Eleventh Hour: Defending paradise has never been this challenging

By McRey A. Sario 

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YSince 2019, St. Joseph’s Academy of Las Piñas (SJA) has been the Global Lead School in the collaborative international youth program #Decarbonize organized by the Centre for Global Education and TakingItGlobal based in Canada.

 

#Decarbonize seeks to gather the voices and opinions of youth worldwide on climate change and climate action, with this year’s run focusing on food sustainability and the links between climate change and agriculture. Through the program, young climate advocates will deliver a manifesto during the United Nations Framework Convention on Climate Change (UNFCCC) or COP27 in Egypt happening this November.

My mentees, Irene Desiree C. Reyes and Vince Alphart O. Pallera, were selected to represent not just the school but the country in COP27. They will present a position paper on behalf of the youth of the Global South, alongside their counterparts from different parts of the world.

In preparation for COP27, our school is doing its best to raise climate change awareness among our students through different learning modalities and a variety of engaging activities. We mold our students to be agents of change who are actively involved in the social, moral, and political issues affecting society and its environment.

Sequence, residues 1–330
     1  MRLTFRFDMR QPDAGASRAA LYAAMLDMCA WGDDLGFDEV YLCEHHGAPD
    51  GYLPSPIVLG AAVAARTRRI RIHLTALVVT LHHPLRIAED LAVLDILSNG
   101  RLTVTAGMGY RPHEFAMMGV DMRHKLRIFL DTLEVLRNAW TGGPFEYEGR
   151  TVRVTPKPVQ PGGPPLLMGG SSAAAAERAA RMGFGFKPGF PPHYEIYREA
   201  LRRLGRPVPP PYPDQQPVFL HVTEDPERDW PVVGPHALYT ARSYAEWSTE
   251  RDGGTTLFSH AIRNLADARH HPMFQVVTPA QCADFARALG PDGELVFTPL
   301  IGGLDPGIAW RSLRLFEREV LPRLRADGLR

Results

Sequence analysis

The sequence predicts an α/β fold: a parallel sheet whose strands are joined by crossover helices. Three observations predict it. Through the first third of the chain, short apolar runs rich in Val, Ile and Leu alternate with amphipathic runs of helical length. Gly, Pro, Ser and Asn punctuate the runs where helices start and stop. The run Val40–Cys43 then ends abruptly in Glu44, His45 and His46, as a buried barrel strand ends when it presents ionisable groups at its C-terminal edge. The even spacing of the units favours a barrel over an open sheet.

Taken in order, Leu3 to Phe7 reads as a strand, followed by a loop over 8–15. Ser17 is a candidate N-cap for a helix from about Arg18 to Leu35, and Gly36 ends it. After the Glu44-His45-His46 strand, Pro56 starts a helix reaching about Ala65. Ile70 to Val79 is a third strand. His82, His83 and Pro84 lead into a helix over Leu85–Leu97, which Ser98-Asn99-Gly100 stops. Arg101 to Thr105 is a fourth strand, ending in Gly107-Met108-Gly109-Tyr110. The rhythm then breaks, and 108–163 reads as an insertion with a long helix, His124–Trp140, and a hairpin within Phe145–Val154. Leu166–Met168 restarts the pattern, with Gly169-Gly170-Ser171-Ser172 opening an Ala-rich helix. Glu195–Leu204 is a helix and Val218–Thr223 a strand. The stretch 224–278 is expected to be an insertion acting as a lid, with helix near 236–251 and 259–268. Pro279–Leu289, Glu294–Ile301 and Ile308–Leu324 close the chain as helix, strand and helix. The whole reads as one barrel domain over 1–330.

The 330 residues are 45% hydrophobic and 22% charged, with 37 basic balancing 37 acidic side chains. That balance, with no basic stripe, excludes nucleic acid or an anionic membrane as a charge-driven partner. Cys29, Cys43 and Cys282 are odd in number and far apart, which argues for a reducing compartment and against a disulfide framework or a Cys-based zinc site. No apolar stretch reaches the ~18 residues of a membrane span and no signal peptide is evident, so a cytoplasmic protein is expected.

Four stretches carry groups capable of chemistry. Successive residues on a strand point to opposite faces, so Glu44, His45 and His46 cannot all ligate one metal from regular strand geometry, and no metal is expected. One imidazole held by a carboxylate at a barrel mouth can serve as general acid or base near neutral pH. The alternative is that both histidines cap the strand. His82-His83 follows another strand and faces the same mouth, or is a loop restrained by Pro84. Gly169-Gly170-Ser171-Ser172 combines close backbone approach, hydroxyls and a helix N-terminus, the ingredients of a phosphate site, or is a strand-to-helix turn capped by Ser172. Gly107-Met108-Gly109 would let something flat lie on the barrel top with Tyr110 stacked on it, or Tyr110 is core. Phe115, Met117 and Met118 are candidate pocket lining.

To realize this, we collaborated with The Climate Reality Project Philippines, Institute for Climate and Sustainable Cities, and Living Laudato Si Las Piñas for an impact screening of DELIKADO, a documentary film that tells the story of environmental defenders trying to stop politicians and businessmen from destroying the Philippines’ “last ecological frontier.”

The screening, which was held last Oct. 7 at the SJA Auditorium as part of the culminating activity of the Laudato Si Season of Creation, served as an eye-opener for my students on the realities of environmental conservation in the country: